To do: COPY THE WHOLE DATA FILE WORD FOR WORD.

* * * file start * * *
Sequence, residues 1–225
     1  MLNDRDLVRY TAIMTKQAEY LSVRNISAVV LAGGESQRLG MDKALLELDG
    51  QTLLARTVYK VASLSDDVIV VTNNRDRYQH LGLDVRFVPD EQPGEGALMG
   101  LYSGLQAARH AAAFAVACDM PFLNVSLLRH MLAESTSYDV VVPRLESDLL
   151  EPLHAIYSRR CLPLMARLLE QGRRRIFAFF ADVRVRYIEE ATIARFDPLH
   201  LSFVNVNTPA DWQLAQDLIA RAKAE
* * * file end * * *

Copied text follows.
Sequence, residues 1–225
     1  MLNDRDLVRY TAIMTKQAEY LSVRNISAVV LAGGESQRLG MDKALLELDG
    51  QTLLARTVYK VASLSDDVIV VTNNRDRYQH LGLDVRFVPD EQPGEGALMG
   101  LYSGLQAARH AAAFAVACDM PFLNVSLLRH MLAESTSYDV VVPRLESDLL
   151  EPLHAIYSRR CLPLMARLLE QGRRRIFAFF ADVRVRYIEE ATIARFDPLH
   201  LSFVNVNTPA DWQLAQDLIA RAKAE